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Geothermal Energy Harnessing the earth to heat and cool our homes


(EER) for cooling. ENERGY STAR- qualified models must provide a rating of at least 2.8 COP and 13 EER.


Air-Source


Air-source heat pumps use a system of coils to evaporate a refrigerant and draw heat away from a home, cooling the air. In winter the magic reverses with the flip of a valve, and your home heats.


The system delivers up to three times more heat energy than electricity consumed, but it's not perfect. In Oklahoma, a back-up heating system is needed when air temperatures dips below 40 degrees Fahrenheit, so some cost shaving benefits are lost.


By Megan McKoy-Noe C


onsumers are finally realizing what electric co-ops have been touting for years: Geothermal energy is perhaps


the most successful "green" power available for residential heating and cooling. In a national study, the Cooperative Research Network—a division of the National Rural Electric Cooperative Association —revealed 11 percent of homes use a heat pump as their primary heating/cooling system; for all-electric homes it's 29 percent.


The U.S. Department of Energy (DOE) says heats pumps trim overall home heating and cooling costs by as much as 40 percent.


Different heat pumps exist and their success depends on your climate. Air-source heat pumps work well in the Southeast, where temperatures rarely drop below freezing. In colder climates, geothermal heat pumps shine because their heat source remains shielded—the top 10 feet of earth consistently measures between 50 to 60 degrees Fahrenheit. A heat pump can save you money if it matches your region and is installed properly.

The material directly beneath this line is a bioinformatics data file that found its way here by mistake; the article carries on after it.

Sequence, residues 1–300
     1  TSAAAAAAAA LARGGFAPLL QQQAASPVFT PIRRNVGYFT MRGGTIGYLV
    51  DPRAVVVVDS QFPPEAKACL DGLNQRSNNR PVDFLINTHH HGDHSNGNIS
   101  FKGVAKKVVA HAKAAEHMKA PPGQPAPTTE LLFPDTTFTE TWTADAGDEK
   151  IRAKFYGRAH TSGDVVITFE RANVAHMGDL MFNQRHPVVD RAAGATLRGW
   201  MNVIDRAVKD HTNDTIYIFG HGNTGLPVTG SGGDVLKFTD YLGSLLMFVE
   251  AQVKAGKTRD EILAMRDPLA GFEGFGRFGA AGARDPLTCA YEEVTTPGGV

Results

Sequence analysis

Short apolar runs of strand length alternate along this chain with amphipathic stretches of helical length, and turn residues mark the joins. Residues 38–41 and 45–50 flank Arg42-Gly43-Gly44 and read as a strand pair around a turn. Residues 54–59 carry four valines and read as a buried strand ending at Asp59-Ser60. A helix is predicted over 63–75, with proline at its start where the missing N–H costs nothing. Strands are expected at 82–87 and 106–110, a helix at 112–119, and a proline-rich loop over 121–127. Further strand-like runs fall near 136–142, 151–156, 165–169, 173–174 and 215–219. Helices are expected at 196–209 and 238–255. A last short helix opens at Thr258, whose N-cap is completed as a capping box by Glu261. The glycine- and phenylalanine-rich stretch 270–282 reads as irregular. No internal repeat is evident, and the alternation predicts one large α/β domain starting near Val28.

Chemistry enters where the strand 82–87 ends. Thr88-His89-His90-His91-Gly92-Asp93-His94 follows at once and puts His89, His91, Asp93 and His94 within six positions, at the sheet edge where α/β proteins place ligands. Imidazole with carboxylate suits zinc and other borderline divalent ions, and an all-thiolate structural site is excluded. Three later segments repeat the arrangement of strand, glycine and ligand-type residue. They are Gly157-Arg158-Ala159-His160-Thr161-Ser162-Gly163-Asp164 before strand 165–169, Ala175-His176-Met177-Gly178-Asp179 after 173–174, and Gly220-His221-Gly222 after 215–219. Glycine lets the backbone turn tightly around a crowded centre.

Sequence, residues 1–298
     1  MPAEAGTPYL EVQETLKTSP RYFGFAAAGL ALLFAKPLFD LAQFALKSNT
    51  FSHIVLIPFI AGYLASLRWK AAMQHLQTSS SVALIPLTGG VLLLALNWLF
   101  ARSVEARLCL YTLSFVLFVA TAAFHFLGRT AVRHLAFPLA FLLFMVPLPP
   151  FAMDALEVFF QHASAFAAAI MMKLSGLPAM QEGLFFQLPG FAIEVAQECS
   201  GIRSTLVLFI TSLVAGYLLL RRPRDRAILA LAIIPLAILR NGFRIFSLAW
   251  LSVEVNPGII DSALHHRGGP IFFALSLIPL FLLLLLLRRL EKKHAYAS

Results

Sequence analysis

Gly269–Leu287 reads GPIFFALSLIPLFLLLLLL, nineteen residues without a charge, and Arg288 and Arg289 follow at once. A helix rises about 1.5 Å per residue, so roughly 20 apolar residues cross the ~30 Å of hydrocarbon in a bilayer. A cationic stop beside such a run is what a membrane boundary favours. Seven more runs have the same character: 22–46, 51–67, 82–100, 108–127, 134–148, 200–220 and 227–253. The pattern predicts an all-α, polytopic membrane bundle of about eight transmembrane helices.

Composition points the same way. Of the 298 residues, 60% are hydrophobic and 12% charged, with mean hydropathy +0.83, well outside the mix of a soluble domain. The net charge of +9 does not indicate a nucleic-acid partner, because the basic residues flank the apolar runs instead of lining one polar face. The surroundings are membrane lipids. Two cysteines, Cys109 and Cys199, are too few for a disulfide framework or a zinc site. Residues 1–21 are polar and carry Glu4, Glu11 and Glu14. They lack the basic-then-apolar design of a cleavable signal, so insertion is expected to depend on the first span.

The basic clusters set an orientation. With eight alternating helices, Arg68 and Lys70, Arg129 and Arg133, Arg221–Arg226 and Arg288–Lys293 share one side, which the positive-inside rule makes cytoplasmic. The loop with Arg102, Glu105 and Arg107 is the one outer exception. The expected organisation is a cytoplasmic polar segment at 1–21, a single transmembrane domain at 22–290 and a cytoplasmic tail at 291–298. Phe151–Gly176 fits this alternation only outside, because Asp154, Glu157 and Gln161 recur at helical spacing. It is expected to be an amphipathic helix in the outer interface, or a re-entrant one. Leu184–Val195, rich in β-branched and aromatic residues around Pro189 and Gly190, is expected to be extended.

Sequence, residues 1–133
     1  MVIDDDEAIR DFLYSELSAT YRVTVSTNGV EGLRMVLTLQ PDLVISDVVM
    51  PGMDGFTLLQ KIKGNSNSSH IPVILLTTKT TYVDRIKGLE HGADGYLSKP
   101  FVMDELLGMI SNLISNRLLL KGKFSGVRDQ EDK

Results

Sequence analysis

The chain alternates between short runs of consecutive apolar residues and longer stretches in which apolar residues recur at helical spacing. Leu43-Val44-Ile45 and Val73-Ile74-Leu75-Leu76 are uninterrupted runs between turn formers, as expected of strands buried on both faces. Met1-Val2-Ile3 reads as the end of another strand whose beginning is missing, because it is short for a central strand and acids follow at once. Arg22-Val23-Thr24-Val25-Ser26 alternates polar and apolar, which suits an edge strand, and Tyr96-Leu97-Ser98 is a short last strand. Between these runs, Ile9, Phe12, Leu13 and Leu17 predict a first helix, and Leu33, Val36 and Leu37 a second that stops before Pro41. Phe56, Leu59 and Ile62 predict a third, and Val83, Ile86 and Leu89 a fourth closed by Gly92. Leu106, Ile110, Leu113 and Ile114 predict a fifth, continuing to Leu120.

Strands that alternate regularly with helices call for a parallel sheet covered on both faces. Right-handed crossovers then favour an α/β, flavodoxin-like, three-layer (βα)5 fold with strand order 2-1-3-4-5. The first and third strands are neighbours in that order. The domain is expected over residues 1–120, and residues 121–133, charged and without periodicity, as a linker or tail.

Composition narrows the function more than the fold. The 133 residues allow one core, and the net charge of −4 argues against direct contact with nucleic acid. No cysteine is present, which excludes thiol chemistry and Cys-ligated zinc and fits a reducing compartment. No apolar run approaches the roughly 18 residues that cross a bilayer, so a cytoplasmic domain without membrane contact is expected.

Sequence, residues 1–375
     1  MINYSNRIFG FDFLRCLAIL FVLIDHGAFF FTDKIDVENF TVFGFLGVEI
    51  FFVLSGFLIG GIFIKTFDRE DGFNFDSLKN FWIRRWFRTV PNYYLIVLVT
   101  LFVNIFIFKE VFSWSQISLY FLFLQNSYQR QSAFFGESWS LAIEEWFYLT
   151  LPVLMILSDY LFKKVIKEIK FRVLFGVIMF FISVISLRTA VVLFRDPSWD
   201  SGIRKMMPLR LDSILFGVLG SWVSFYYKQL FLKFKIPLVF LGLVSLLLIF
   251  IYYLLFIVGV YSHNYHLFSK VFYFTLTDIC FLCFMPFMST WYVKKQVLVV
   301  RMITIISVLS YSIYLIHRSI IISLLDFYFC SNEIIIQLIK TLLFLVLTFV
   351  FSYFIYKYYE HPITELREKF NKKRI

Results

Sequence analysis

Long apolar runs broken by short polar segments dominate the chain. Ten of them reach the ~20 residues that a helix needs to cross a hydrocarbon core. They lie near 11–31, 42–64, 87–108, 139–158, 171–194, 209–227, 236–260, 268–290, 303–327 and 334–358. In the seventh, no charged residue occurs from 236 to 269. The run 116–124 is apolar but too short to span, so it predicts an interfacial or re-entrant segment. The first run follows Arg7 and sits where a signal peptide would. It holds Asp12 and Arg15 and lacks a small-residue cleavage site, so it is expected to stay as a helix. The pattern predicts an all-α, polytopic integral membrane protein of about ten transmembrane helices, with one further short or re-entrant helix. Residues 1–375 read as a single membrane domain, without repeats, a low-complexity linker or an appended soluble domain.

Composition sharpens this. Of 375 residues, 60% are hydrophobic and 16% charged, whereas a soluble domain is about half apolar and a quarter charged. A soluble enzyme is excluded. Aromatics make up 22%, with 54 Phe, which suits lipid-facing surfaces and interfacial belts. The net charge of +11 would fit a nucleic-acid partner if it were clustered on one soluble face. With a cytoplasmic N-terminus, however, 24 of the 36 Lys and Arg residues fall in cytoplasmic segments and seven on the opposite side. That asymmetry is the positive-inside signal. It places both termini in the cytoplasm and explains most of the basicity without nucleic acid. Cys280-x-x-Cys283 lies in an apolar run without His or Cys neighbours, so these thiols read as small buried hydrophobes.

4 | may-june 2013 | Light Post Geothermal


According to DOE, geothermal heat pumps use the earth's steady temperature to offer energy savings between 30 percent and 60 percent annually. They are typically the most efficient heat pump option.


Geothermal heat pumps move a liquid or water through pipes buried in the ground, then into a home. There are two types of units: a groundwater (open-loop) system uses well or pond water, while an earth-coupled (closed-loop) model uses a water and antifreeze solution. Systems can be installed horizontally or vertically, depending on your available space.


Geothermal efficiency depends on climate, soil and water conditions, and landscaping. For example, soil that transfers heat easily requires less piping. Rocky terrain may require a vertical loop system instead of a more economical horizontal loop system.


When shopping for a geothermal system, compare two elements: coefficient of performance (COP) for heating, and the energy efficiency ratio


When shopping for a unit, compare the seasonal energy efficiency rating (SEER) for cooling prowess, and heating seasonal performance factor (HSPF) for compressor and heating element strength. ENERGY STAR models guarantee a SEER of 12 or more and a HSPF of 7 or more. For warmer climates, SEER is more important than HSPF; in colder climates find a system with a high HSPF.


Saving on Systems


Heat pumps are more expensive than traditional heating and air systems, but rebates and tax credits can help lower the cost. Kiamichi Electric offers rebates of up to $750/ton to members who replace their existing system with a geothermal heat pump. A federal tax credit equal to 30 percent of the cost for materials and installation, with no limit on total project expenses, also applies to geothermal heat pumps through Dec. 31, 2016. A list of tax credit requirements can be found at www.energystar.gov/taxcredits.


For details on heat pumps or Kiamichi Electric's rebate offer, contact the co-op at 800-888-2731 or visit www.kiamichielectric.org. ■


Megan McKoy-Noe writes on energy efficiency issues for the National Rural Electric Cooperative Association.


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